Though the activists asked some heated questions of Lopez, the event remained on track until Arlington County police officers made their presence known, setting off a shouting match. Attendees accused Lopez of asking for officers to intervene in the event, given LaColectiVA’s previous protests of Lopez’s connections with the Immigration Centers of America, which runs an ICE detention center in Central Virginia.
Now, the police who manage protection for state lawmakers — the Virginia Division of Capitol Police — tell ARLnow that Lopez’s office contacted them days in advance of the May 12 meeting to make sure police were on site.
“When a member of the General Assembly raises an issue of possible security concerns in their district, we can and do reach out to the local authorities on their behalf,” Joe Macenka, spokesman for the Capitol Police, wrote in an email. “In this case, Del. Lopez’s office did that. It is up to local law enforcement to respond accordingly.”
Arlington County Police spokeswoman Ashley Savage confirmed that her department heard from the Capitol Police on May 10, two days before the forum was planned, and she said “extra checks were requested for the event.” Savage says library security then called police, though they’d previously been made aware of the forum at Lopez’s request.
Lopez has yet to address the weekend’s events publicly, and an aide to the delegate has not responded to requests for comment.
Organizers with the group Indivisible Arlington are apologizing for how they handled a town hall meeting that devolved into a shouting match after pro-immigrant activists asked some tough questions of Del. Alfonso Lopez (D-49).
The grassroots group convened a public forum at Arlington’s Central Library last Saturday (May 13) featuring several state lawmakers, but Indivisible organizers felt compelled to call it off earlier than expected, as activists with the group LaColectiVa aggressively pressed Lopez on his past consulting work for a private company that contracts with U.S. Immigration and Customs Enforcement.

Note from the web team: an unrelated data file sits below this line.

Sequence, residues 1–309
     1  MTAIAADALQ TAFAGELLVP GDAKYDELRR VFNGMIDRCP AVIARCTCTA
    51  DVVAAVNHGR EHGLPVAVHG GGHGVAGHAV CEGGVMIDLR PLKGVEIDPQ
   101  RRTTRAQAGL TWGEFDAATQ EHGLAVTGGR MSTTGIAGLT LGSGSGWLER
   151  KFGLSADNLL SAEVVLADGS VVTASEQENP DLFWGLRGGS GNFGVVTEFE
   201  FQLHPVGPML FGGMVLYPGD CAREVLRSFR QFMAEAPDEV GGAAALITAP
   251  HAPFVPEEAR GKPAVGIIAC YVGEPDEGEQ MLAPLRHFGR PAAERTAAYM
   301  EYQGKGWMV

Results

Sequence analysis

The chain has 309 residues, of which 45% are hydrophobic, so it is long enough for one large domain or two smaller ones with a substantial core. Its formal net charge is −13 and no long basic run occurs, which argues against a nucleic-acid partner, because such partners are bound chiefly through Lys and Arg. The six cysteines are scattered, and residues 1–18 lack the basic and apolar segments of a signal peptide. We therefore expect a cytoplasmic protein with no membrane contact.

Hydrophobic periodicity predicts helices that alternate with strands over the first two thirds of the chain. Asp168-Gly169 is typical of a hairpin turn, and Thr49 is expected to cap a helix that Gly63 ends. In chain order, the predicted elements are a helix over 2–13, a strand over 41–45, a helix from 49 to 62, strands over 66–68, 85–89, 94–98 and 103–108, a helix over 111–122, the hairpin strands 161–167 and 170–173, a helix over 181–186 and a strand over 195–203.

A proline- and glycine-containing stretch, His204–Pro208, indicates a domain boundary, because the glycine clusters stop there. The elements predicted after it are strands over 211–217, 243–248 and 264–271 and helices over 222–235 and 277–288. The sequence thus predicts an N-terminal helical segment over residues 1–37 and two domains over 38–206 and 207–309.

In a new statement today (Wednesday), Indivisible leaders defended the decision to end the meeting, as they felt participants were “unable to maintain a constructive dialogue.” However, they expressed regret about the presence of both library security and county police at the meeting, particularly after an Arlington police officer arrived at the meeting and set off a new round of protests from the LaColectiVA activists.
“We recognize the negative impact of their presence on meeting participants, especially people of color,” Indivisible organizers wrote. “We did not request the presence of Arlington law enforcement.”
The group is now urging meeting attendees to reach out to Indivisible to discuss “how we can best move forward together.”
Our #Indivisible Arlington statement about the May 12th State Issues Forum at the #ArlingtonVA Central Library. We want to listen to concerns from anyone about what happened and hear how we can best move forward together. Please contact us at [email protected] pic.twitter.com/aHTsq29dI7
— IndivisibleArlington (@IndivisibleArl) May 16, 2018
Some people who attended the meeting believe Lopez is the one who needs to take the lead on smoothing things over, given the way he handled the situation.
“It’s very disheartening, because he’s not apologizing or discussing what happened there,” Nelson Lopez, an organizer with LaColectiVA, told ARLnow. “We just want to have a dialogue about this issue, and he’s consistently refused to do so.”
An aide to the delegate did not immediately respond to a request for comment.
Nelson Lopez and other meeting attendees say they want to know whether or not Del. Lopez had anything to do with police officers heading to the meeting.
People at the gathering say LaColectiVA’s activists weren’t being overly disruptive when they first arrived, with one member of the group asking Lopez about his past work for the Immigration Centers of America, which runs an ICE detention center in Central Virginia. Lopez reported on state disclosure forms that the group paid him $5,000 in 2014 and $10,000 in 2015 and 2016, and LaColectiVA has spent the last few months organizing protests around the issue.